If you are overlooking monitoring such minor outages, then there are two things to consider:

  • While CDN providers do monitor their infrastructure, they don’t monitor individual customer accounts.
  • Companies spend a lot of money third-party service vendors but have zero visibility on SLA breaches. CDNs evaluate huge volume of traffic. Individual client content might vary by just a very small percentage (varying from 1% to 20% per CDN POP), making it difficult to report an SLA breach if you aren’t already utilizing a monitoring strategy.

3. Evaluate DNS Performance of CDN

Outages can be caused by several different variables in the CDN infrastructure. For example, server reachability could have a negative impact on CDN functionality. The server maybe experiencing DNS or other network related issues.  

Many companies proactively monitor DNS service providers as part of the process of managing their infrastructure. At the same time, they often don’t measure CDN services. It’s important to do so because the CDN itself comprises of different components and configurations that determine the application performance.

It is important to monitor DNS performance. The graph below (Figure 4) indicates the variation in DNS resolution of a domain's Authoritative Name Server from multiple locations. You can see that it’s only possible to accurately evaluate whether the issue comes from the CDN or Origin only by looking at the results from monitoring DNS performance, including DNS timeout and availability for the different domains.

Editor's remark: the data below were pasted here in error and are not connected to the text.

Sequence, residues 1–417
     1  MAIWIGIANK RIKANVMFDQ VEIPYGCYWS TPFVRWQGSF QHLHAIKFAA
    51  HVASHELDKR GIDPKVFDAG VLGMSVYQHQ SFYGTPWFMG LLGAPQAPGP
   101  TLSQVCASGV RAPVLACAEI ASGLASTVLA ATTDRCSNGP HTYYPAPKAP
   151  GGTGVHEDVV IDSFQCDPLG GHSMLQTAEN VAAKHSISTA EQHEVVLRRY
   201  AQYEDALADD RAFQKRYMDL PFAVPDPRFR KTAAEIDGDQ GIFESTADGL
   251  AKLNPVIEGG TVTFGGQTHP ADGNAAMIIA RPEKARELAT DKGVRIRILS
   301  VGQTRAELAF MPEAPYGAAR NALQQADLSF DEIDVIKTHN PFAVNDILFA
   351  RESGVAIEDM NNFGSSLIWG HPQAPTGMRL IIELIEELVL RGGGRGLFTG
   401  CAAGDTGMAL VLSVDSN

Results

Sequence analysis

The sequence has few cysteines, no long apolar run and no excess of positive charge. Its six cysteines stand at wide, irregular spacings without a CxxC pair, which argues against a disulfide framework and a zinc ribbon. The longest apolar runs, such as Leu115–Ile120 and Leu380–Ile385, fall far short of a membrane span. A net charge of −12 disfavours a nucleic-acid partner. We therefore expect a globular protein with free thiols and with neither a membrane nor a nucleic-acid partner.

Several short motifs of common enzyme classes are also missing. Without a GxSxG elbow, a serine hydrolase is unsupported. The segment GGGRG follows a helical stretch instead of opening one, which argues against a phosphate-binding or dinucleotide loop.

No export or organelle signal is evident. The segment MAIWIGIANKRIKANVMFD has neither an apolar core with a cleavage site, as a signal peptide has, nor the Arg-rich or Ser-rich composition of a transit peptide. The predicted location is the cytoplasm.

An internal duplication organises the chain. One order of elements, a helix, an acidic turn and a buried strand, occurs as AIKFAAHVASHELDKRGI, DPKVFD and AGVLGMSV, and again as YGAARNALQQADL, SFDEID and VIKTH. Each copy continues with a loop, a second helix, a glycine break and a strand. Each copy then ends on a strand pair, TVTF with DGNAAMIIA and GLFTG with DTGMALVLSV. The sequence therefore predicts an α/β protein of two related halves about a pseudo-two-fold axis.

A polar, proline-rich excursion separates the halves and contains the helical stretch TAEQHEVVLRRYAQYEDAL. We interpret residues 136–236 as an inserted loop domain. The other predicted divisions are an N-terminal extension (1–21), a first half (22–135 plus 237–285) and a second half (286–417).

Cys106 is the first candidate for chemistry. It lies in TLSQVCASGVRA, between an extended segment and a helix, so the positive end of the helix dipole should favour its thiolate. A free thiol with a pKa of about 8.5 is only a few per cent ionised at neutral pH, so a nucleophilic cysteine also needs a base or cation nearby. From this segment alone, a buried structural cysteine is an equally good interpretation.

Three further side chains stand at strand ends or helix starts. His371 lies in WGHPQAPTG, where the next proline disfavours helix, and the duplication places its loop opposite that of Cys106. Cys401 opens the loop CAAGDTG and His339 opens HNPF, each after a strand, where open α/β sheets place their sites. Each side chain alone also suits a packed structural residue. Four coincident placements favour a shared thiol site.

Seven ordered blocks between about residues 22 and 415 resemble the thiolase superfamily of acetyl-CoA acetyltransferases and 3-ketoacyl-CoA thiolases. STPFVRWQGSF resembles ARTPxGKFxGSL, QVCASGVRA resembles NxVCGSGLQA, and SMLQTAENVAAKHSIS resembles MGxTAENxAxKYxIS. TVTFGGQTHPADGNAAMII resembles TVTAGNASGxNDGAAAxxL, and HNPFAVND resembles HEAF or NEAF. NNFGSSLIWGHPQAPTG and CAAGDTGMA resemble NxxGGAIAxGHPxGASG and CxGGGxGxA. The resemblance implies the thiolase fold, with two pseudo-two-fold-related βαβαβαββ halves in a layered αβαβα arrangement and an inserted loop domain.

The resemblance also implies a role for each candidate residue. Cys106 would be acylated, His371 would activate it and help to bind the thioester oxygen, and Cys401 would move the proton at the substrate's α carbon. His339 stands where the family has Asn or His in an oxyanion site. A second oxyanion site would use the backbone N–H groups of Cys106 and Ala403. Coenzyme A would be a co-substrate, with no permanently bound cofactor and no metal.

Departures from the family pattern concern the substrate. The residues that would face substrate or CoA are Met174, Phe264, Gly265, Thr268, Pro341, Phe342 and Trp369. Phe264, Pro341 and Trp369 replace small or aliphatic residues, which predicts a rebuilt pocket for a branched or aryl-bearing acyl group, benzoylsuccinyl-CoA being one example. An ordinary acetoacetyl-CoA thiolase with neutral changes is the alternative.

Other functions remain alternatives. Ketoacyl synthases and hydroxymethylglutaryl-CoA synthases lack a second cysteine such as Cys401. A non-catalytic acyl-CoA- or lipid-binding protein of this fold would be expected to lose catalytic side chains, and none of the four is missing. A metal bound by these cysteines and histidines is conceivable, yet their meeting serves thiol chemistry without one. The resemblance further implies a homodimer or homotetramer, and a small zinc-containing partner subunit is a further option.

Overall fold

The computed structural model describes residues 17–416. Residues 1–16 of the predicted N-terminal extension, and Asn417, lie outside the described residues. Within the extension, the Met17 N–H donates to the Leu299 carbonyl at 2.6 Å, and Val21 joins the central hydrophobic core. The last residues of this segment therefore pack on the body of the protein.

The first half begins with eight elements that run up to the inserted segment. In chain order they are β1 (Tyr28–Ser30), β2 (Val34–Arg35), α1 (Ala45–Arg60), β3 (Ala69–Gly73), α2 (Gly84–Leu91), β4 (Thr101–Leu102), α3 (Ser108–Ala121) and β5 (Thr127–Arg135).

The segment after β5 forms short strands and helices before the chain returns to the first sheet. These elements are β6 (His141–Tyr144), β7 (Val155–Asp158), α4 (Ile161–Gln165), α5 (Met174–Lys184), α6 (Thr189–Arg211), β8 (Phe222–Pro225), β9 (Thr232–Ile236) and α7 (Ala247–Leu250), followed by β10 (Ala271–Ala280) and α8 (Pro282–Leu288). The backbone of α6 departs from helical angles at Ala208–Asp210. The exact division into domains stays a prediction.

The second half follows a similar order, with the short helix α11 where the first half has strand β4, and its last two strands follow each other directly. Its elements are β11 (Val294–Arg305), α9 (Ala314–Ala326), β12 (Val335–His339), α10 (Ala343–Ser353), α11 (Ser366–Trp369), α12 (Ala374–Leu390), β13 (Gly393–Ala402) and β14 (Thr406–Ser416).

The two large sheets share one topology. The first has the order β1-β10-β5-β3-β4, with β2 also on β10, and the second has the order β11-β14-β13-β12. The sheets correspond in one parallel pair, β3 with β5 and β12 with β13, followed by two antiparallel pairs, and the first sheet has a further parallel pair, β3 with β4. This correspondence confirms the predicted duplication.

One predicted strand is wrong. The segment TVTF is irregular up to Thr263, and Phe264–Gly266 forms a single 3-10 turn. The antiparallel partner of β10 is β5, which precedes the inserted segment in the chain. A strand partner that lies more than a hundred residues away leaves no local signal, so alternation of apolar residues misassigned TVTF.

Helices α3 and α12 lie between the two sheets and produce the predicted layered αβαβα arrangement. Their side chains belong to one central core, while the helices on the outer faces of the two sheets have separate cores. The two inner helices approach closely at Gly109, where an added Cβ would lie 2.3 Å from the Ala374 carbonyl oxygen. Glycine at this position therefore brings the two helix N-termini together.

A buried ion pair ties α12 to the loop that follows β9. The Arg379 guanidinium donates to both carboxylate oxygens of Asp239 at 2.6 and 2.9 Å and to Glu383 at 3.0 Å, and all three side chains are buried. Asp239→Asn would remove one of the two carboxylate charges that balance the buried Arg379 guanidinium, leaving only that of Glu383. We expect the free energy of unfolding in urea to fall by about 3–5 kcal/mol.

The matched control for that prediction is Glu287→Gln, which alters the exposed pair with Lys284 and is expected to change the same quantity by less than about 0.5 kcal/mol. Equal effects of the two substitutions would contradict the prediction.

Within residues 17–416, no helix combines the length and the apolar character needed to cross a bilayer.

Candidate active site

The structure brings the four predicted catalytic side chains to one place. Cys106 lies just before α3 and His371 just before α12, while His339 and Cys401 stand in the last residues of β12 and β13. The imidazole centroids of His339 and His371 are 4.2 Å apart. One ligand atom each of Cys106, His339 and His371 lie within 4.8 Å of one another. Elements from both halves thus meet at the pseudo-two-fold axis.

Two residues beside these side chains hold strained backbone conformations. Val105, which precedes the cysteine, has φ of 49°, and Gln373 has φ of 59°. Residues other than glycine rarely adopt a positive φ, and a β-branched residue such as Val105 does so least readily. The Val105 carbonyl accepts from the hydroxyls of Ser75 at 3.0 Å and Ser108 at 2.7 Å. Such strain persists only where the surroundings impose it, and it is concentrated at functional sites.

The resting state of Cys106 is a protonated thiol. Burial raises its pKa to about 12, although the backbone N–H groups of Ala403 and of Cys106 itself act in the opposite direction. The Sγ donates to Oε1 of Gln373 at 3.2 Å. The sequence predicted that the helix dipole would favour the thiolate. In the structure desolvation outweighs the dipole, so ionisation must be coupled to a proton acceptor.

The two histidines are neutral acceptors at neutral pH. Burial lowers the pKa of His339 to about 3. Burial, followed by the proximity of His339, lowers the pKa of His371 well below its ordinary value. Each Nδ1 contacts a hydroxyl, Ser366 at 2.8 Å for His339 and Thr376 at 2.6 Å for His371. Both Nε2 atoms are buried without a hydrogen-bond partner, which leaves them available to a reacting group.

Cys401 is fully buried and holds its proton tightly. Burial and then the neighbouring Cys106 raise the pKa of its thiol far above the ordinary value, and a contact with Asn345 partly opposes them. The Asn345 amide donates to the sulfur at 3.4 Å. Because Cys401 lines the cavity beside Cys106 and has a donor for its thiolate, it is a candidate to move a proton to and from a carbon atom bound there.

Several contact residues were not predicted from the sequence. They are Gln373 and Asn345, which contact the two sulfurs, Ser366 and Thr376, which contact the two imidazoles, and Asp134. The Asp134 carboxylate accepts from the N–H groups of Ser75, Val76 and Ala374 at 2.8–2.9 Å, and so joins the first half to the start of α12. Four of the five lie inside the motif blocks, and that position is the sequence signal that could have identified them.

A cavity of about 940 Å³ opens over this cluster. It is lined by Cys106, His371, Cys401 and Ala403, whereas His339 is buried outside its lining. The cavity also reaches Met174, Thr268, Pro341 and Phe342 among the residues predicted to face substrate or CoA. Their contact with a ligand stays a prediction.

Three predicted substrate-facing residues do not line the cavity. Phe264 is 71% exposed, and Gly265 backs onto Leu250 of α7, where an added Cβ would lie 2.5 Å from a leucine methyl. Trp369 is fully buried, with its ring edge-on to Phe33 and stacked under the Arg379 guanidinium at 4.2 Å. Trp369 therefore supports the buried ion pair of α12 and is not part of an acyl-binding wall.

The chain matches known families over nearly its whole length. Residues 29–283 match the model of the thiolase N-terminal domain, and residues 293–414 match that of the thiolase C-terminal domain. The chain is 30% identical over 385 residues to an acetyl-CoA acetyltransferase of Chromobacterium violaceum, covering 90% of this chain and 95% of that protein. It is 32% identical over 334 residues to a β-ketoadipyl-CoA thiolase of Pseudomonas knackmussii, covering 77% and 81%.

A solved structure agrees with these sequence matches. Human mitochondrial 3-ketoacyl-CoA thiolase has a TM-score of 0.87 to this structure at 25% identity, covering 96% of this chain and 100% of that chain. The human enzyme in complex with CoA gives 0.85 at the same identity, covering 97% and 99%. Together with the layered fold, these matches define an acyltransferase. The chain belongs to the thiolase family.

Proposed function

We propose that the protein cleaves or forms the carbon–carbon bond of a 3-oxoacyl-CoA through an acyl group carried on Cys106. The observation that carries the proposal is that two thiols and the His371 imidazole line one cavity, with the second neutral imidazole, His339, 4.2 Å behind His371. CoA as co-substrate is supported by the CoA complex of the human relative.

Figure 4: Evaluating DNS performance – DNS provider vs CDN.

4. Improve Performance Globally

The primary reason for using CDN is to offload the cacheable content from Origin. That said, the objective is to improve the performance of the end users globally. It's not practical to deploy thousands of servers in multiple locations to support application delivery. Instead, the CDN network, with its caching servers, maintains performance and end user experience.  

The value of CDN can be easily understood by comparing application performance with and without a CDN. The improvement should be at par with the Origin, if not better. The graph below (Figure 5) illustrates performance using CDN and performance from origin. It is obvious that in all scenarios, CDNs have better performance.

Figure 5: Comparing CDN performance across regions.

Conclusion

The four points discussed here are just a few of the benefits that CDN monitoring adds to a company's overall monitoring strategy. CDN observability enables businesses to understand whether a high web page response time is due to objects that are either not cached or not cached for longer duration. Evaluating the cache hit/miss ratio provides a clearer understanding of performance.

Because CDNs greatly impact your global end-user experience and all data goes through the CDN infrastructure, it is very important to gain visibility into that network. When you have better CDN observability, you can make better decisions around key CDN related strategies such as implementing multi-CDN, evaluating cost vs offload, or picking geo-specific CDN vendors.

Ready to discover how CDN observability can help improve your own business? Learn more about CDN observability here!

Published on
Aug 11, 2021